5. Instant messaging
Instant messaging serves much of the same function as text messages but with a faster pace and more seamless integration into work operations. Organisations commonly instal dedicated instant-messaging applications onto office computers or instruct their employees to download specific software onto their personal devices. These applications allow teams to communicate instantly and directly with one another. They can increase overall communication between team members and ensure everyone is up-to-date on key information.
Like text messages, instant-messaging platforms can serve a useful social function. Employees can engage with one another throughout the workday. Though the social utility of instant messaging doesn't directly raise productivity, it can help to maintain a positive work environment and high morale, which can indirectly improve performance.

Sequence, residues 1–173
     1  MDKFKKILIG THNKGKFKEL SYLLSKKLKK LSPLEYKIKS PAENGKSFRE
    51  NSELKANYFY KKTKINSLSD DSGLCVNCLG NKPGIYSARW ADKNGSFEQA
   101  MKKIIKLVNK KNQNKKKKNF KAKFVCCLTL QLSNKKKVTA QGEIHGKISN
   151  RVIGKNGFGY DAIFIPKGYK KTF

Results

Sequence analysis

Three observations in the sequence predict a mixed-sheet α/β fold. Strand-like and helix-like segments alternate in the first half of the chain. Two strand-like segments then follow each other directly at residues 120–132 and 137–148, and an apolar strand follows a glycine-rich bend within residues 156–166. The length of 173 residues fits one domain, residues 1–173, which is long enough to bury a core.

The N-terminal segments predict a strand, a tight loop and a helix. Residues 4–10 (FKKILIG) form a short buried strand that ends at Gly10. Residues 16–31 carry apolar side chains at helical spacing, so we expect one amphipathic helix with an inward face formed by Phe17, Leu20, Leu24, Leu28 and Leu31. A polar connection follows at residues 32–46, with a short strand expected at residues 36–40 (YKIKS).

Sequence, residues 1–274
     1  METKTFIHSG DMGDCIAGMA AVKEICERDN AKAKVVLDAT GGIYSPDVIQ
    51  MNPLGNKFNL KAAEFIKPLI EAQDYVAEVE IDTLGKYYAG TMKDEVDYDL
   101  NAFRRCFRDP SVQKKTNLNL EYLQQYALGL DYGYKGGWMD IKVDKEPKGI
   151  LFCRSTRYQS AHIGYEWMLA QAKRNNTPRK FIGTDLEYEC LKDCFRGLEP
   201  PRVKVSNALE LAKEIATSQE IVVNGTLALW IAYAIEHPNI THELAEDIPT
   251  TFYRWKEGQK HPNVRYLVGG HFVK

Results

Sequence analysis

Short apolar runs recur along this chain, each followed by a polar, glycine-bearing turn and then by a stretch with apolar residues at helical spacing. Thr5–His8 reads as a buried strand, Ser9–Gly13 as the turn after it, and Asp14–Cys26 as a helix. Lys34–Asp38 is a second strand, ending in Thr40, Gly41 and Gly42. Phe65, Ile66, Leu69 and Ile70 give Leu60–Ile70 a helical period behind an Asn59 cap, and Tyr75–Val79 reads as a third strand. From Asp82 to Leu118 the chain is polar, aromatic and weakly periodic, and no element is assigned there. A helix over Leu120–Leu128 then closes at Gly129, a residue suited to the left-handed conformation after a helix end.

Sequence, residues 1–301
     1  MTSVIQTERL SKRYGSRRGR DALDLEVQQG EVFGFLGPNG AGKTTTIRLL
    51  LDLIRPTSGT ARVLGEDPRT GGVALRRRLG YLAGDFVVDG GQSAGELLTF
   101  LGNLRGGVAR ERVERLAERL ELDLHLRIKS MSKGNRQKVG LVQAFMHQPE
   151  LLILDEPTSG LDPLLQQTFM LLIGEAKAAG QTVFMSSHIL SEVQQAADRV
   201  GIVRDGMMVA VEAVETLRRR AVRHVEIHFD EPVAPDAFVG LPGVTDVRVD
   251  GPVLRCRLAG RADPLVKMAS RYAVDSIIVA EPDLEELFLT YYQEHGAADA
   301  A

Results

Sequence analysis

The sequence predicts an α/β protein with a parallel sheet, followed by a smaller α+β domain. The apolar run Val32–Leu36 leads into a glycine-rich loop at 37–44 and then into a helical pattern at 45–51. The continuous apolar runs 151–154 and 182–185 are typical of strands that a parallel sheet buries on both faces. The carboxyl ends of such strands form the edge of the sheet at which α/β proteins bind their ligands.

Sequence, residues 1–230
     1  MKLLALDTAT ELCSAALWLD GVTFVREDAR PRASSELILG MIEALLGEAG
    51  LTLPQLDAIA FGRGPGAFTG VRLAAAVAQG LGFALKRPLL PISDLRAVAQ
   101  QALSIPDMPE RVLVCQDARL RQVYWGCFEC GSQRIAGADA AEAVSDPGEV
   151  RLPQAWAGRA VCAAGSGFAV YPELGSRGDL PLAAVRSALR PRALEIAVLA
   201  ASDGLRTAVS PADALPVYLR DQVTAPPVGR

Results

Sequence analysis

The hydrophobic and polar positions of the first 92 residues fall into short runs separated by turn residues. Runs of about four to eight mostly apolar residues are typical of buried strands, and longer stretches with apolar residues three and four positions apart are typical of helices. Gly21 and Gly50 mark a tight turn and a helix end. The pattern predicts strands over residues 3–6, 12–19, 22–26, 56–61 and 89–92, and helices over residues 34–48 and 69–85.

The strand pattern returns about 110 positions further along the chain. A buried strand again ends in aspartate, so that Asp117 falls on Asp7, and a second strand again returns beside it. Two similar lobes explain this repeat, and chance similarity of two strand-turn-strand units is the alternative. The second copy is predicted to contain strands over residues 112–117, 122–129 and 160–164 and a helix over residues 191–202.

Email is an important communication channel for various types of conveyance. Emails can be short or long. They can include attachments and are easy to organise in storage. Both urgent and non-urgent topics are suitable for this medium, and the ability to send messages to multiple recipients makes it a highly efficient form of communication.
A potential downside to email is that it may be challenging to ensure that recipients open, read and understand the contents of the message. Organisations can mitigate this kind of information loss by establishing email etiquette protocols that govern best practices for writing and responding to emails.
7. Printed documents
Printed business documents are another common communication channel for employees, managers and executives. These include but aren't limited to:
company and HR policy documents